Risky Killing

How Risks Worsen Violations of Objective Rights

in Journal of Moral Philosophy
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I argue that riskier killings of innocent people are, other things equal, objectively worse than less risky killings. I ground these views in considerations of disrespect and security. Killing someone more riskily shows greater disrespect for him by more grievously undervaluing his standing and interests, and more seriously undermines his security by exposing a disposition to harm him across all counterfactual scenarios in which the probability of killing an innocent person is that high or less. I argue that the salient probabilities are the agent’s sincere, sane, subjective probabilities, and that this thesis is relevant whether your risk-taking pertains to the probability of killing a person or to the probability that the person you kill is not liable to be killed. I then defend the view’s relevance to intentional killing; show how it differs from an account of blameworthiness; and explain its significance for all-things-considered justification and justification under uncertainty.




 See, for example, Jeff McMahan, Killing in War (Oxford: Oxford University Press, 2009). ­Although ‘innocent’ is a term of art, it is used advisedly. On my understanding, with one possible exception, the fact that one is innocent of responsibility for a wrongful threat is sufficient grounds for one not being liable to be killed in order to avert that threat. The exception: I suspect that some kinds of duress can render one’s contribution to a wrongful threat morally innocent, i.e. blameless, but that one can nonetheless be liable to be killed in such cases. It is important to be clear, though, that innocence here refers exclusively to one’s degree of responsibility for the wrongful threat that is to be averted. It does not invoke a more general property of one’s character.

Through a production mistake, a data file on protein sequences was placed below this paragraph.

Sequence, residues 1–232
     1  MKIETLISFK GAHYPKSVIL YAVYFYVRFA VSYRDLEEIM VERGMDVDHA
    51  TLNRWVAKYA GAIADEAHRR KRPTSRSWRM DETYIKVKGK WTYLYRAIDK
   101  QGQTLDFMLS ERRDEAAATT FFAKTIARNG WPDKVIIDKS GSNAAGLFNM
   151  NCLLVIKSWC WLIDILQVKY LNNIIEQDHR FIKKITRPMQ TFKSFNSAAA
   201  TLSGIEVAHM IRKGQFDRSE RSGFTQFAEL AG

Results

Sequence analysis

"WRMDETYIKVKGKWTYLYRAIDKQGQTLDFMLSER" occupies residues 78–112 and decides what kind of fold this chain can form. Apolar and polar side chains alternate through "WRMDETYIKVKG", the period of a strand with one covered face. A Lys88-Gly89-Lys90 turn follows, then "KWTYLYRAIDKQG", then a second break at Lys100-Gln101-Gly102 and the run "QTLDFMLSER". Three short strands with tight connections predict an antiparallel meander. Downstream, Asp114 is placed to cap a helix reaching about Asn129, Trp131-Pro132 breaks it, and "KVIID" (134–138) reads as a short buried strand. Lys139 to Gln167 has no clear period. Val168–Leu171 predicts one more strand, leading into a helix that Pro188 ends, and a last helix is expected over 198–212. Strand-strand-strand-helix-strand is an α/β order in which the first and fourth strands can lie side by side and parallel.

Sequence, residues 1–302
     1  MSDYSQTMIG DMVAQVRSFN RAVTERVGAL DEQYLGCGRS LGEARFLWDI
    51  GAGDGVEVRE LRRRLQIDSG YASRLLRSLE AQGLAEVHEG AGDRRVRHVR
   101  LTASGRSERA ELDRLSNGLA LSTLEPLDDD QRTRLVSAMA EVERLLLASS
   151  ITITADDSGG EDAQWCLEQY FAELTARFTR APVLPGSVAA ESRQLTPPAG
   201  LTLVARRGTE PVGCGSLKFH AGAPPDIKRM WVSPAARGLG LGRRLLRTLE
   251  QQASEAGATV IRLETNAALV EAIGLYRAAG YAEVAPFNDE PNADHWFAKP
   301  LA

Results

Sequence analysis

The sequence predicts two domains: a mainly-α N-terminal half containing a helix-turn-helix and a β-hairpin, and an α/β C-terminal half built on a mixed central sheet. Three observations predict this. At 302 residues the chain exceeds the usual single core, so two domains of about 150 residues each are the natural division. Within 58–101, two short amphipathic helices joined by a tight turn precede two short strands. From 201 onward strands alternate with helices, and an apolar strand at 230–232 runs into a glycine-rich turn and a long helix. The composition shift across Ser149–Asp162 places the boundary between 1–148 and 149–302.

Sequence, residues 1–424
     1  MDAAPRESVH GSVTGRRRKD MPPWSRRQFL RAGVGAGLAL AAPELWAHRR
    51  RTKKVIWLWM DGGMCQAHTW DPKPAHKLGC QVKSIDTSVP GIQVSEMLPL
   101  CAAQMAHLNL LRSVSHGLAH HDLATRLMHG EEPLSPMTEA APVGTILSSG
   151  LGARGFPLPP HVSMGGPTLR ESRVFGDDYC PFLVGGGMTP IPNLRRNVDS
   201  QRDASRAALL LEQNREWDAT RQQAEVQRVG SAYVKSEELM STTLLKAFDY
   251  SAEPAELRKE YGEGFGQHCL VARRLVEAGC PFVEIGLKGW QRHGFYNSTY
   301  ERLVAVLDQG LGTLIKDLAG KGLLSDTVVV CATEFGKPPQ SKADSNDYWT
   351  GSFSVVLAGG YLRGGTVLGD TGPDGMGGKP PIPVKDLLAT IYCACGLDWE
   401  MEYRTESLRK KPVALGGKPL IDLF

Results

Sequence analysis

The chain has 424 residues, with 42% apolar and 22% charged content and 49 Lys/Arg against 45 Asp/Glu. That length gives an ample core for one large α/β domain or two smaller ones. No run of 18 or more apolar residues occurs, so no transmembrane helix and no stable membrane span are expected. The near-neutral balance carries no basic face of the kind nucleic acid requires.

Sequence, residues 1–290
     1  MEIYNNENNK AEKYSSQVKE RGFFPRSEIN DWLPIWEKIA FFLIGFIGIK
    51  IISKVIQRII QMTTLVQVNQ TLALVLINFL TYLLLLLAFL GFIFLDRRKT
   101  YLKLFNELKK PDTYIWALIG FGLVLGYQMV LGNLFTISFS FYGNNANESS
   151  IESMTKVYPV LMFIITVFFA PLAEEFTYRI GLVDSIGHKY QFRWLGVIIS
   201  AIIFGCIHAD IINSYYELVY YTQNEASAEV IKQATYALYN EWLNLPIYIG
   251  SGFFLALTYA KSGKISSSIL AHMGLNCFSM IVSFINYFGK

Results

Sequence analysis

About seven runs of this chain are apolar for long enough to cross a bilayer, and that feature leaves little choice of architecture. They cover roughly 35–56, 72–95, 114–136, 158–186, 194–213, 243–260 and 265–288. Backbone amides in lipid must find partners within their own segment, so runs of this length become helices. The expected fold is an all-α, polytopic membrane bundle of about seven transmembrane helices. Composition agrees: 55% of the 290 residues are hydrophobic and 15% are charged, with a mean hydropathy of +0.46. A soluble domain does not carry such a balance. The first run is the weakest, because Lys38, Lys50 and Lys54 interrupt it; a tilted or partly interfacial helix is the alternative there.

Jonathan Bennett, The Act Itself (Oxford: Clarendon Press, 1995). Thanks to Victor Tadros for helping me see this point.


Rachael Briggs, ‘The Metaphysics of Chance’, Philosophy Compass, 5 (2010), pp. 938–52.


 E.g. John Maynard Keynes, A Treatise on Probability (London: Macmillan, 1921); Timothy Williamson, Knowledge and Its Limits (Oxford: Oxford University Press, 2000).


 See Holly M. Smith, ‘Subjective Rightness’, Social Philosophy and Policy, 27 (2010), pp. 64–110.


Philip Pettit, The Robust Demands of the Good (Oxford: Oxford University Press, 2015); ­Philip Pettit, On the People’s Terms: A Republican Theory and Model of Democracy ­(Cambridge: Cambridge University Press, 2012). See also Nicholas Southwood, ­‘Democracy as a Modally Demanding Value’, Nous, 49 (2015), pp. 504–521.


 See Seth Lazar, Sparing Civilians (Oxford: Oxford University Press, 2015).


 See Seth Lazar, ‘Necessity in Self-Defense and War’, Philosophy & Public Affairs, 40 (2012), pp. 3–44.


 See e.g. Sven Ove Hansson, ‘Ethical Criteria of Risk Acceptance’, Erkenntnis, 59 (2003), pp. 291–309.


 E.g. Frank Jackson and M. Smith, ‘Absolutist Moral Theories and Uncertainty’, Journal of Philosophy, 103 (2006), pp. 267–83.


As I argue in Seth Lazar, ‘Deontological Decision Theory and Agent-Centred Options’, Ethics, (Forthcoming); Seth Lazar, ‘In Dubious Battle: Uncertainty and the Ethics of Killing’, this is at most as a sufficient condition for epistemic permissibility, not a necessary one.


John Maynard Keynes, A Treatise on Probability, 360; see also Lara Buchak, Risk and Rationality (Oxford: Oxford University Press, 2013).


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